The GE63VR Raider features a standard 15.6” Full HD (1920x1080) IPS display, with a 120Hz refresh rate and 3ms response time. Many gaming-oriented laptops include G-Sync, but MSI doesn't include the variable refresh technology with the Raider.

The laptop includes HDMI 2.0 and Mini DisplayPort 1.2, although we usually see mDP 1.3 at this price range. This shouldn’t be a major issue, because resolutions above UHD are uncommon. Additionally, the Thunderbolt 3 over Type-C port can connect an external GPU dock or yet another display.

Input Devices

The MSI Raider features a full-length keyboard and number pad, courtesy of SteelSeries. As with all MSI laptop keyboards, the keys are evenly spaced and have a crisp, bumpy actuation, creating a comfortable typing experience. The keycaps have a white translucent font that allows the LED backlighting to shine through the keycaps with minimal backlight bleed.

The function row includes the following: F2 opens the Project menu, F3 toggles touchpad functionality, F4 launches a user-determined application, F5 switches the power setting to a power-friendly “ECO” profile, F6 toggles webcam functionality, F7 shifts between power profiles, F10 activates airplane mode, and F12 puts the Raider to sleep. In addition, “Fn + Arrows” and “Fn + Num 0” adjust audio settings. Finally, “Fn + Num -” and “Fn + Num +” adjust the keyboard backlighting brightness. The keyboard has a nifty feature that dims key lighting to just the function compatible keys when the Fn key is activated.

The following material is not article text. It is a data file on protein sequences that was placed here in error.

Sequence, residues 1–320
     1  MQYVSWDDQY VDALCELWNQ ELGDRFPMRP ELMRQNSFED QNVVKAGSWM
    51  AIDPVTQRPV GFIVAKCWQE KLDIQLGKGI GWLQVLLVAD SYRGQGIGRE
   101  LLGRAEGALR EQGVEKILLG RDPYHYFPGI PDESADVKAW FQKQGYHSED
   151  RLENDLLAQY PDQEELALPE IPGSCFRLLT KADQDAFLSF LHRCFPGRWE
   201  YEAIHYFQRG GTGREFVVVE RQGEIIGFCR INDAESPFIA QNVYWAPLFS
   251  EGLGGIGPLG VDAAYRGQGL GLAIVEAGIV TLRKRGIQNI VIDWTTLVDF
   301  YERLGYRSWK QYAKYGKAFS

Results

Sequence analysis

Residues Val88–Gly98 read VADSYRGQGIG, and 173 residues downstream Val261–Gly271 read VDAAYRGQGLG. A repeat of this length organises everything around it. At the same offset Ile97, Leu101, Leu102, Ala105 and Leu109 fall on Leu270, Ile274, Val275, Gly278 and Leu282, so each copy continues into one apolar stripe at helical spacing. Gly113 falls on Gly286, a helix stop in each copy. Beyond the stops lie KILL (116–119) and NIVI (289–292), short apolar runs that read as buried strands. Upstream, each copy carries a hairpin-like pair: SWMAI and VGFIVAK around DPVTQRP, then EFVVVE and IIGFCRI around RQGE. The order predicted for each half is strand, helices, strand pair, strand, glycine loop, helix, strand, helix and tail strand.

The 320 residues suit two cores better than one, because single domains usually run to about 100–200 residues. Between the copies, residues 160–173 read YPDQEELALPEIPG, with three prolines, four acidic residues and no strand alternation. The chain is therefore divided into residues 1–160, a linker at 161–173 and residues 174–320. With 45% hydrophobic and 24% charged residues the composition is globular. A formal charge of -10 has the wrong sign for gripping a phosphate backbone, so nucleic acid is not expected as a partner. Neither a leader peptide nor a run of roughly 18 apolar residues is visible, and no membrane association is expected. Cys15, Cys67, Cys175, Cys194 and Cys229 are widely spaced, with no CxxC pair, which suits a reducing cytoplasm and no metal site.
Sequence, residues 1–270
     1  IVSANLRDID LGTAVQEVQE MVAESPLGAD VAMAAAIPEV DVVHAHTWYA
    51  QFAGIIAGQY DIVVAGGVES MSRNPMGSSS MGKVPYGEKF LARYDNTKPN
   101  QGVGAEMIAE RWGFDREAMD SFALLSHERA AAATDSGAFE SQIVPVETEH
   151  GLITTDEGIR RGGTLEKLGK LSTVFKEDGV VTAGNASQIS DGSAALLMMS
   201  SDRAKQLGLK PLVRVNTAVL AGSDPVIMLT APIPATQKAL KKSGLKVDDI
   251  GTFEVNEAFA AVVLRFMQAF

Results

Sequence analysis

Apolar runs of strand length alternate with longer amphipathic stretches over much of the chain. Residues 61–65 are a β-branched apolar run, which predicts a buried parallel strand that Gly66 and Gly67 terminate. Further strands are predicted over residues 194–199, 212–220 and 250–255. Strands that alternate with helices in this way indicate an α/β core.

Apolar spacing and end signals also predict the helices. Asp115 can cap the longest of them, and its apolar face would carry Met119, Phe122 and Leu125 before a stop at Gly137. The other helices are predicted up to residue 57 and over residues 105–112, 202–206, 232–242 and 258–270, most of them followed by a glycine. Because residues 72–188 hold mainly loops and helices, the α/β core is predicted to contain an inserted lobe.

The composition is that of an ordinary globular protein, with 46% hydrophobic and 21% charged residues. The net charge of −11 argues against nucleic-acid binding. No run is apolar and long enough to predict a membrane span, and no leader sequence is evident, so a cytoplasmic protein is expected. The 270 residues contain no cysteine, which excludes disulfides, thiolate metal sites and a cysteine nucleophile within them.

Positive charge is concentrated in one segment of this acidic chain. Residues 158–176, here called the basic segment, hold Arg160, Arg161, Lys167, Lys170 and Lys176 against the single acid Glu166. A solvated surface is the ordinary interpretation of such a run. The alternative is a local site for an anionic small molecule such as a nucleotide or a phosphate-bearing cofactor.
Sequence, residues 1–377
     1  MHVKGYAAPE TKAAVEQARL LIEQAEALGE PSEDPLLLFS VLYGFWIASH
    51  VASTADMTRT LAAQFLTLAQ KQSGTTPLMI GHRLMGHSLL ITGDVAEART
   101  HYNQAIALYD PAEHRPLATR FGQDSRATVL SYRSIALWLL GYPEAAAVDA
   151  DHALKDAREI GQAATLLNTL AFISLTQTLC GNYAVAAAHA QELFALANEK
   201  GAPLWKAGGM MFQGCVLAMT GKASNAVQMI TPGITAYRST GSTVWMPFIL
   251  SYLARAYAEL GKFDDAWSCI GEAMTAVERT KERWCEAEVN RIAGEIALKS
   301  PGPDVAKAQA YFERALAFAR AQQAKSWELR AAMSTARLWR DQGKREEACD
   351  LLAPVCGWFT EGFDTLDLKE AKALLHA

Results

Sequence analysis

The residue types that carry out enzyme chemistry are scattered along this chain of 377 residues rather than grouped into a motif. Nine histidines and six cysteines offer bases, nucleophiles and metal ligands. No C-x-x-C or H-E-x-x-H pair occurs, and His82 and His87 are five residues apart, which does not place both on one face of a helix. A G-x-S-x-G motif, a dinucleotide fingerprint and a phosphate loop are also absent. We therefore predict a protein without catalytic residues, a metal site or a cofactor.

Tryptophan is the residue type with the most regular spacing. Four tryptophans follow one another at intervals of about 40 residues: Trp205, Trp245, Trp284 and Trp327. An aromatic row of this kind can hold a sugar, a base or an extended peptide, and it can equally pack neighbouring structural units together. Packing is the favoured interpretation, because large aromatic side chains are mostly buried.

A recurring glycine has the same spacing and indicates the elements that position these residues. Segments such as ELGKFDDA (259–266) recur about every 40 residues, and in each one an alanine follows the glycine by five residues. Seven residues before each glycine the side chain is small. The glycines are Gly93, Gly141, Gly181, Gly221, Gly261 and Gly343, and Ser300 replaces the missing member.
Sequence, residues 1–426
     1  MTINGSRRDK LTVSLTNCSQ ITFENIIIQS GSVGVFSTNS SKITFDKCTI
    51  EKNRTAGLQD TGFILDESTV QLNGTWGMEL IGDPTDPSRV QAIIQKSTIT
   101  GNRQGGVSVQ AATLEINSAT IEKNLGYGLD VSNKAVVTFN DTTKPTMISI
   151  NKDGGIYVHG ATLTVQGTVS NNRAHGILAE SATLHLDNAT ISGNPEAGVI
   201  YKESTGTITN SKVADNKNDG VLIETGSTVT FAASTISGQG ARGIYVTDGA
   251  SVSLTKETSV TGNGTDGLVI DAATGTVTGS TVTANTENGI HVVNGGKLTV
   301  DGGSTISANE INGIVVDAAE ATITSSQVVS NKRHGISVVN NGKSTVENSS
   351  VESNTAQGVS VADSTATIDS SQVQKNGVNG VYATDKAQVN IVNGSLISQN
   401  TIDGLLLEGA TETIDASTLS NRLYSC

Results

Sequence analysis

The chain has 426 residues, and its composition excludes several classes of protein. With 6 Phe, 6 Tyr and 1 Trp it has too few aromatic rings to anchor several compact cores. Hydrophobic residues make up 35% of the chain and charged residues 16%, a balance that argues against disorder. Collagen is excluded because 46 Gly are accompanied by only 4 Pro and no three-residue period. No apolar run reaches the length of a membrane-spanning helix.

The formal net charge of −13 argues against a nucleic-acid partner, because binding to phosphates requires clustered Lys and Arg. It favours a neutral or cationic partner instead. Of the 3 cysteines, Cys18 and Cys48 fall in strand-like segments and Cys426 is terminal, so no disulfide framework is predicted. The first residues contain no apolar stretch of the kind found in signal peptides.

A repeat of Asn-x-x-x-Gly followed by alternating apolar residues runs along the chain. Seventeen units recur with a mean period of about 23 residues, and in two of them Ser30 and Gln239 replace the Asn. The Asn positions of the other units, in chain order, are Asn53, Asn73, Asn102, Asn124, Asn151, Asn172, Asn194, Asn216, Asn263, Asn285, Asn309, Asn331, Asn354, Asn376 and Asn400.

The touchpad offers excellent accuracy and comfortable tracking, although a film will build up over time. If the oil layer gets thick enough, you’ll experience some surface drag, but keeping the touchpad clean will ensure a seamless tracking experience. The touchpad offers no clicking functionality; MSI instead includes two separate left and right click buttons beneath the touchpad. These buttons offer a satisfying tactile feedback. Design-wise, the touchpad’s black surface complements the rest of the build, but it has a contrasting red border to highlight it.


The bottom panel is attached to the chassis with 10 screws. The panel will take a bit of effort to loosen; use a credit card or an opening tool to separate the panel from the side and from the front. With the panel removed, you can easily locate all of the interchangeable components.